GFR is a predictor of anaemia for patients with and without diabetes. All the studies correlated that lower GFR levels predict the onset of anaemia by means of lower haemoglobin concentrations. While the evidence from this review demonstrates that anaemia is more severe in those with diabetes than in their counterparts without diabetes, continuing renal failure seems to determine the severity of anaemia – regardless of the cause of chronic renal failure (Thomas et al, 2003).

The main outcome of anaemia in patients with diabetes and renal failure is a deterioration in kidney function and cardiac failure. Silverberg et al (2003) demonstrated stabilisation in kidney function and an improvement in cardiac function following the correction of anaemia in diabetes patients with severe congestive cardiac failure.

In addition, Ueda et al (2003) and Toto et al (2003) suggest that the progression of kidney failure may be retarded as a clinical outcome of anaemia correction.

This review has demonstrated that the presence of diabetes-associated complications may exacerbate anaemia in people with diabetes. Early correction of anaemia is particularly important in people with diabetes, as it occurs prematurely and with greater severity than in the non-diabetic patient group with similar levels of renal impairment. Early intervention with erythropoietin therapy may reduce anaemia-induced organ damage, such as cardiac ischaemia, and retard the progression of kidney failure.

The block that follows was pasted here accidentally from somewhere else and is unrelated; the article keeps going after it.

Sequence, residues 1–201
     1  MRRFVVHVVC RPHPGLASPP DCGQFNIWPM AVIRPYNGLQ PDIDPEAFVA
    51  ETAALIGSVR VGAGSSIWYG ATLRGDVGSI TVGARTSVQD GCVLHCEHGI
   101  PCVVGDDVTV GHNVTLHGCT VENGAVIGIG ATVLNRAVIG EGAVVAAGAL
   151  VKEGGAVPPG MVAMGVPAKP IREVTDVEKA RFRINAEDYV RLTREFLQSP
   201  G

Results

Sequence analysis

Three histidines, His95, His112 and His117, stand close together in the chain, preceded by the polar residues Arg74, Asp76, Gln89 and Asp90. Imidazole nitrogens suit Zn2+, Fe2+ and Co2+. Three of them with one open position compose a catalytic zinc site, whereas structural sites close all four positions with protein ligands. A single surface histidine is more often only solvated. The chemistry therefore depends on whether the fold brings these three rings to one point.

The cost effectiveness of erythropoietin therapy for patients with mild renal failure has not been evaluated. However, it is important to consider the potential benefits of interventions that prolong survival, improve quality of life and reduce the need for dialysis or transplantation. Recognising and treating anaemia in this patient population before the onset of renal failure may improve outcomes with respect to mortality risks associated with the person with diabetes.

The limited evidence from this review suggests that people with diabetes may suffer from anaemia without diabetic nephropathy. Thus, anaemia may be considered a possible complication for people with diabetes on diagnosis.

The authors would like to thank Dr P McClellend, Consultant Nephrologist at Arrowe Park Hospital, Merseyside.